While pre-Eurpoean karakia would have been aimed at traditional gods and ancestors, modern karakia are basically Christian prayers and have no place in the daily life of a state school.

  • http://benny-cemoli.myopenid.com/ Benny Cemoli

    Translated, the brief Maori prayer penned by the school’s kaiarahi reo or Maori language assistant, says: “Lord look after us, guide us with your work today, in your holy name.”

    Sounds awfully like a Christian prayer to me. I wonder if the School’s kaiarahi reo is a Christian.

  • David Pearce

    Yeah, sorry about Ray – that is an everlasting source of embarrassment. Although to be fair we also sent you William Pickering, so does that sort of balance it out?

  • Lisa

    I wanted to post something along these lines, but you said it much better than I could :)

  • closetatheist

    A cursory Google search reveals that most of NZ’s territory sits on the Australian tectonic plate. This is why it is considered a part of “Australasia,” which comprises New Zealand, Australia, Papua New Guinea and some small Pacific Islands. Australasia can also serve as a geopolitical designation for the two nations, so I guess my original quip should have been, “Is NZ the “Bible Belt” of Australasia?” I can change that if you like. However, NZ is in the region of Oceania which, by geographical definition, is not a continent – so you’re right there, even though it is geologically one land mass. So, I’m not sure this splitting of hairs is worth it…Either way, I’m not apologizing, again, for an honest, and not entirely wrong, mistake.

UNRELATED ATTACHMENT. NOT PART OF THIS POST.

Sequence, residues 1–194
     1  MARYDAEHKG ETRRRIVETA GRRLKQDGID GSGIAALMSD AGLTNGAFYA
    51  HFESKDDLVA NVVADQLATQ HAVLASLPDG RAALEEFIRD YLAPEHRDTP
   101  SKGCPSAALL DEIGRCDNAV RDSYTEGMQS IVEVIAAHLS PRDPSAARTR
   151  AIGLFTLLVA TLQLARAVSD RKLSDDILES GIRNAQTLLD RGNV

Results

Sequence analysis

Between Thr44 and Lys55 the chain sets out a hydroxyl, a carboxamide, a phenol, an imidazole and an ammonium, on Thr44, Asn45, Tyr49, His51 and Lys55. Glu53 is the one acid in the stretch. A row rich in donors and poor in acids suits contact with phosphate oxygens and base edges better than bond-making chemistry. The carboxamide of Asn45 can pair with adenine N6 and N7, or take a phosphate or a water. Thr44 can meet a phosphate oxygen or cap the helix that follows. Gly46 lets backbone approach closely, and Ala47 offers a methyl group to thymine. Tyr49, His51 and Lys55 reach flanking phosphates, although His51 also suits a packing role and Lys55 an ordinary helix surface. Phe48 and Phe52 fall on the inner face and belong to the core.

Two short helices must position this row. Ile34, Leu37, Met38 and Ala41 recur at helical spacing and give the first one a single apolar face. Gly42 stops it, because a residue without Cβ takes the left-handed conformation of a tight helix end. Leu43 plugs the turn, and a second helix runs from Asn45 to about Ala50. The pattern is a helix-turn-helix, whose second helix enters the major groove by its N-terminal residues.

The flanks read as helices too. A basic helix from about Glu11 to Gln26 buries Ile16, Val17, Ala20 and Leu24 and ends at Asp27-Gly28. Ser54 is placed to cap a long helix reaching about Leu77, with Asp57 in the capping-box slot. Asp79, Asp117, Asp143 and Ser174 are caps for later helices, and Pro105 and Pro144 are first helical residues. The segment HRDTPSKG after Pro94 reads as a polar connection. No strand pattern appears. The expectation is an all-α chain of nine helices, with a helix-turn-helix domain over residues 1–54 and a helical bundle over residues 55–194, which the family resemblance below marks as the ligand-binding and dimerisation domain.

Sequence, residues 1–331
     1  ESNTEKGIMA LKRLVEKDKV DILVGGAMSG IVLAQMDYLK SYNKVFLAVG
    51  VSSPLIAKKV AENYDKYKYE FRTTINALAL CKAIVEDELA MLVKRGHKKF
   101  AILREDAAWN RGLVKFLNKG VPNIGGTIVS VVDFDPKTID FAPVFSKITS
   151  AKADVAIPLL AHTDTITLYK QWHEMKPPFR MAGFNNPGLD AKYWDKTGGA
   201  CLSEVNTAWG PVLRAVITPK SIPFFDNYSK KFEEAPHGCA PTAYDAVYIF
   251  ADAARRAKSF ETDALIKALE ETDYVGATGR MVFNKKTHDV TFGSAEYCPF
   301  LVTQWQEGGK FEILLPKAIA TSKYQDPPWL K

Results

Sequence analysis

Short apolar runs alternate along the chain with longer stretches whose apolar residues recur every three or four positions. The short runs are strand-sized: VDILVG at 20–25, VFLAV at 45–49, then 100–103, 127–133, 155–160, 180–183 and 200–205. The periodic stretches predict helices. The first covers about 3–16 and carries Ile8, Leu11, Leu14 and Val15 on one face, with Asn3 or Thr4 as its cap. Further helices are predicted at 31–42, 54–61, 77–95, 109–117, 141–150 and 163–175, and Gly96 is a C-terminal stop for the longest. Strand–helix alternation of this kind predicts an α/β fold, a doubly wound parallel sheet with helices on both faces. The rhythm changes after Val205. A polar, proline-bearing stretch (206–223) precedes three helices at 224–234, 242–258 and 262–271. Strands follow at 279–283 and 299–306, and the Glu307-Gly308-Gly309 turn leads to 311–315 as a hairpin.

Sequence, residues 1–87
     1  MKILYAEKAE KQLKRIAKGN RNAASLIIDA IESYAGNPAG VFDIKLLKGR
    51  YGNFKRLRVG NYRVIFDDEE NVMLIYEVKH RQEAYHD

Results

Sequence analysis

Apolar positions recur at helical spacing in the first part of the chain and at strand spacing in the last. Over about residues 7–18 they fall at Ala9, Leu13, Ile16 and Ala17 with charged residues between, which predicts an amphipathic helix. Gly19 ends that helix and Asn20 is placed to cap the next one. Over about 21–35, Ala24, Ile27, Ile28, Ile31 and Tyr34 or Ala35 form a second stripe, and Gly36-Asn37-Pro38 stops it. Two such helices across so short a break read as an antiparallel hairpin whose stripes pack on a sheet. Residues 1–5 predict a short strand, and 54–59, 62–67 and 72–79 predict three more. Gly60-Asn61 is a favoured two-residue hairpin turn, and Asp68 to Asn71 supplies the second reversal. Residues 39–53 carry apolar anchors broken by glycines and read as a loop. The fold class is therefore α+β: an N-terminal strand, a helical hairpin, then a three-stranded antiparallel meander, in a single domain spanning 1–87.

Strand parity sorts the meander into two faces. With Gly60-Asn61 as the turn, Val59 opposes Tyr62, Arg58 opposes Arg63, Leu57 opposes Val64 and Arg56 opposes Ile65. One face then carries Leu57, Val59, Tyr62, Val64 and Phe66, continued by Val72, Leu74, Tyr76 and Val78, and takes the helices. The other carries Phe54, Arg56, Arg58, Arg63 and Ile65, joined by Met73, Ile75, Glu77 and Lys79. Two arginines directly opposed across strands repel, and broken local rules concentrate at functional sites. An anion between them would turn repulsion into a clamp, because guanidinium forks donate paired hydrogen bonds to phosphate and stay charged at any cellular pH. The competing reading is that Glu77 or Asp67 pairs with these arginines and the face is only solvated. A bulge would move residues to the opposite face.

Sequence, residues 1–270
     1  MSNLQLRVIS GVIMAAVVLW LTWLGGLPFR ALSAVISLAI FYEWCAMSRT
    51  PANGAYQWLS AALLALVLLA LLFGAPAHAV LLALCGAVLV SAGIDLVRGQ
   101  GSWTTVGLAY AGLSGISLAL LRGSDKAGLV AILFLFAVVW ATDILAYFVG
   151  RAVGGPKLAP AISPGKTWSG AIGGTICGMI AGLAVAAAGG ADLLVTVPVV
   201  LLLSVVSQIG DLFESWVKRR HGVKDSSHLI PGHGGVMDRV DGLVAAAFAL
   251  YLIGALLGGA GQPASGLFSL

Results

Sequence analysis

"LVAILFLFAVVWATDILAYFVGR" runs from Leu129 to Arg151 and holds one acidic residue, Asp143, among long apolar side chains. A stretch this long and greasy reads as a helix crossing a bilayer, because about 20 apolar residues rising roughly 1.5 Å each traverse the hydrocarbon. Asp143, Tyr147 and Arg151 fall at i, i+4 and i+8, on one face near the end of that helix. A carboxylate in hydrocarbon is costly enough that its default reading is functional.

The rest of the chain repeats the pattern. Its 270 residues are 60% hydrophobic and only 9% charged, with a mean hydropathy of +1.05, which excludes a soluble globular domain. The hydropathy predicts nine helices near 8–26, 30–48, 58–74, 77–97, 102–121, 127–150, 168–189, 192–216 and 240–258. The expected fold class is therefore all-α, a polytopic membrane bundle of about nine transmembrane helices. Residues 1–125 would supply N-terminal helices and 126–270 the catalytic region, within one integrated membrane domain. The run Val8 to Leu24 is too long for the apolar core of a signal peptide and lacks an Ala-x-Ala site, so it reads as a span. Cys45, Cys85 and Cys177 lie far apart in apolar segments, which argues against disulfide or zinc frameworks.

• Lisa

    In my opinion the splitting of hairs is entirely worth it, we New Zealanders get VERY tired of most of the world assuming that we are part of Australia :)

  • LesterBallard

    Well, I can’t say that I blame you; there are plenty who were born here in the US that I would exile the shit out of.